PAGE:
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Nevermoor: The Trials of Morrigan Crow by…

Nevermoor: The Trials of Morrigan Crow (2017)

by Jessica Townsend

Other authors: James Madsen (Illustrator)

Series: Nevermoor (1)

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4213137,298 (4.24)23



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Morrigan Crow is cursed. She’s always known it, just as she’s always known that she, like all of the other cursed children born on the last Eventide of the previous Age, will die on the final Eventide of this Age. But, when Eventide arrives, Morrigan is swept away by the charismatic Jupiter North, to be a candidate for entrance into the Wundrous Society. Only nine places are available, so the 500+ candidates must face four trials. There’s one big problem: the fourth trial requires each candidate to display a knack — something good, and interesting, and useful. Morrigan doesn’t have one. Jupiter says he will take care of it, but how can he? And of course, those first three trials won’t exactly be a walk in the park...

I knew I would like this book. Other readers whose opinions I trust recommended it to me. Reviews and summaries and blurbs all appealed to me. I carried it with me on at least two vacations, but never started it. Had it been overhyped? Would it prove a disappointment?

Reader, it did not disappoint. I loved it: the whole mad, creative world of Nevermoor and the Hotel Deucalion in particular, prickly Morrigan and her happy-go-lucky pal Hawthorne, the trials, the plot twists, the hilariously funny lines throw in here and there — oh, just everything! It’s not entirely like Harry Potter, but I would recommend this to readers who enjoy Harry Potter — and I know that’s a dangerous comparison to make. You may have noticed that I don’t make it often.

Also? Jupiter North. He’s infuriating. I think I love him. ( )
  foggidawn | Mar 21, 2019 |
(First of 2?; YA, fantasy)
library book

Morrigan Crow is a cursed child; she is on the Register of Cursed Children because she is due to die on the night of her eleventh birthday, at midnight on Eventide. Of course, as a cursed child, everyone else's misfortunes are her fault, too - like the time Pip didn't win the spelling bee because she wished him good luck - and her family is tired of paying restitution to all the unfortunate people who cross Morrigan's path.

'A local man, Thomas Bratchett, died of a heart attack recently. He was -'

'Our gardener, I know,' Corvus interrupted. 'Terrible shame. The hydrangeas have suffered. Morrigan, what did you do to the old man?'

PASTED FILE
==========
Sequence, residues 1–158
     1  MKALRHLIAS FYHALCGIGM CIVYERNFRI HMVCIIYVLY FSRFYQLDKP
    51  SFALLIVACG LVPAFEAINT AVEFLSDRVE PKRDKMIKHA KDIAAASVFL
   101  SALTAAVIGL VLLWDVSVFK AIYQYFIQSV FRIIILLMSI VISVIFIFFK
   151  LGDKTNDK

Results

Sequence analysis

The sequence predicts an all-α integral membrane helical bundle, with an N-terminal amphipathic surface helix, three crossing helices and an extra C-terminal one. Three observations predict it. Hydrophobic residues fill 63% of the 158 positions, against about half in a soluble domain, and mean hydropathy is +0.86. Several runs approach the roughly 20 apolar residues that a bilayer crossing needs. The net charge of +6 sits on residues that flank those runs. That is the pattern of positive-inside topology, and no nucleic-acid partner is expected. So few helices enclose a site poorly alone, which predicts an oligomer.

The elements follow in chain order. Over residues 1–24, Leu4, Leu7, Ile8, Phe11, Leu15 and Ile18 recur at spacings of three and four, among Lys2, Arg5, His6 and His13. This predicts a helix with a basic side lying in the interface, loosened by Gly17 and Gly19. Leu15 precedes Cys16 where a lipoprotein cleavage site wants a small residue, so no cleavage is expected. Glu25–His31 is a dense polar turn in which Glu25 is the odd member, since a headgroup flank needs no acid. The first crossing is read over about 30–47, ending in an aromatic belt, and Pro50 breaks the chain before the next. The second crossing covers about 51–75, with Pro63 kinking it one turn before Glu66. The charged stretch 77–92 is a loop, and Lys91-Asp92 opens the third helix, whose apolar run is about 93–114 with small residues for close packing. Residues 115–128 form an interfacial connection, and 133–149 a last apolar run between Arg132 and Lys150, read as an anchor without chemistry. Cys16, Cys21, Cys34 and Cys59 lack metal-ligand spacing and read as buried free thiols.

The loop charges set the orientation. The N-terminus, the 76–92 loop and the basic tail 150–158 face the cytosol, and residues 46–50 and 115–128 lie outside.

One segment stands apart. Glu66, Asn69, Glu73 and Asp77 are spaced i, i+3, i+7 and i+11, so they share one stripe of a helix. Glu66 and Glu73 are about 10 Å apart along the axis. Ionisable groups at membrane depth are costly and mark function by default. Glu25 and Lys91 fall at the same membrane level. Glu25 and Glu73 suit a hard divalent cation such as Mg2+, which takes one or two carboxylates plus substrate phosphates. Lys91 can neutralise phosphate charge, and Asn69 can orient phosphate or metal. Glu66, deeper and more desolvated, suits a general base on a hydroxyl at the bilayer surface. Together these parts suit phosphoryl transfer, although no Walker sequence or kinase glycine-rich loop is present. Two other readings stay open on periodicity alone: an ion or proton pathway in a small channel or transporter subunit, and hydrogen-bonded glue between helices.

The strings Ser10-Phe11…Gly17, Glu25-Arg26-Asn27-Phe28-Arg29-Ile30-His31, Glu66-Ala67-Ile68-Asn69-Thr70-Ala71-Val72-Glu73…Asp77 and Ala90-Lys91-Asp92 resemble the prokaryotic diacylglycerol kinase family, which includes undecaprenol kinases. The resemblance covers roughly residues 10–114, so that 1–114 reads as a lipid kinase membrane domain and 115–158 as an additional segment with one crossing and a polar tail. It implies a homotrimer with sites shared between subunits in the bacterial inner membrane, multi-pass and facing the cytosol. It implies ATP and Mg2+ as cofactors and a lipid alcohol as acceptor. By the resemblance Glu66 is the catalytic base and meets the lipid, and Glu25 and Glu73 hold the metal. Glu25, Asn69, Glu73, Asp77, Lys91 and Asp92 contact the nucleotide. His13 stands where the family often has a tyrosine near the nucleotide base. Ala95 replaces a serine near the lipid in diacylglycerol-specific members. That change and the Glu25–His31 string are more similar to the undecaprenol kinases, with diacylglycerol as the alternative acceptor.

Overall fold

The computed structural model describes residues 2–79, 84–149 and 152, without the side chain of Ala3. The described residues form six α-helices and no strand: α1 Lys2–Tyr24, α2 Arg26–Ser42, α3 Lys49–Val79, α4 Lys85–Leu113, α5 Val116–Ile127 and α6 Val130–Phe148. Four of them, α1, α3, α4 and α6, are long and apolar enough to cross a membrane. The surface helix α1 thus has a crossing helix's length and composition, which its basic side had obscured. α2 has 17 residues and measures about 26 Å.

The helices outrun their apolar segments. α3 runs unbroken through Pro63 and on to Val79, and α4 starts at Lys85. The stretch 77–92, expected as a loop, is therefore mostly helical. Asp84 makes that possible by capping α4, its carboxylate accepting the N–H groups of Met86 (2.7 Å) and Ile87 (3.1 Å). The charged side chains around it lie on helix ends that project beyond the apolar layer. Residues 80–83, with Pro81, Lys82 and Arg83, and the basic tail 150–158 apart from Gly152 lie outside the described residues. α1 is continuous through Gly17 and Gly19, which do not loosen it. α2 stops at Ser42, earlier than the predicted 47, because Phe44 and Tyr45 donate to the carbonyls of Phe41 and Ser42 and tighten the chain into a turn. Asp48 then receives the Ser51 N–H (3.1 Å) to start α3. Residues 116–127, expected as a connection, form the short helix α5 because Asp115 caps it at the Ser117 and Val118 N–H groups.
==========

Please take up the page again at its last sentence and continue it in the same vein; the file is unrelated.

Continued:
Corvus looked sceptical. 'Nothing? Nothing at all?'

She thought for a moment. 'I told him the flowerbeds looked nice.'


'About a year ago.'

Corvus and the caseworker exchanged a look. The woman sighed quietly. 'His family is being extremely generous in the matter. They ask only that you pay his funeral expenses, put his grandchildren through university and make a donation to his favourite charity.'

Townsend's humour shows through here, and I like Morrigan's feisty personality and the letters she writes (but doesn't, of course, send).

Dear Mrs Malouf,
I'm sorry you don't know how to ice-skate properly.
I'm sorry you thought it was a good idea to go ice-skating even though you're a million years old and have brittle bones that could snap in a light breeze.

I'm sorry I broke your hip. I didn't mean to. I hope you are recovering quickly. Please accept my apologies and get well soon.
Yours sincerely,
Miss Morrigan Crow

However, she still goes to Bid Day where hopeful children who are turning eleven go to see if they will be offered a chance to interview for an apprenticeship; but who is going to bother offering even one bid on a child about to die who brings misfortune with her? To everyone's surprise, Morrigan beats the record and is offered four bids!

Jupiter North (who reminds me of a sort of Santa Claus - large and jolly) finds a loophole in Morrigan's curse and whisks her away to the safety of the Free State of Nevermoor in the teeth of the Hunt of Smoke and Shadow which comes for her. There he installs her in his Hotel Deucalion with its wonderful residents like Frank the overly dramatic dwarf vampire

'Only dwarf vampire in Nevermoor, you know' ... 'Not very popular in the dwarf community or the vampire community, sadly, mostly on account of -'

'Vampire dwarf,' Frank corrected him from the other side of the room. 'There is a difference, you know. You might think about getting some sensitivity training if you're going to run a hotel.'

'- mostly on account of his moodiness, I expect. Imagine being too moody for other vampires.'

and enters her in the trials for the Wundrous Society which only takes in nine candidates every year. Morrigan absolutely has to be one of those nine so she can stay in Nevermoor and avoid her fate at the hands of the Hunt. But she doesn't know what her talent is, which she has to demonstrate at the Show Trial to be able to get in. Jupiter assures her she has one ... but somehow seems to keep avoiding telling her what it is.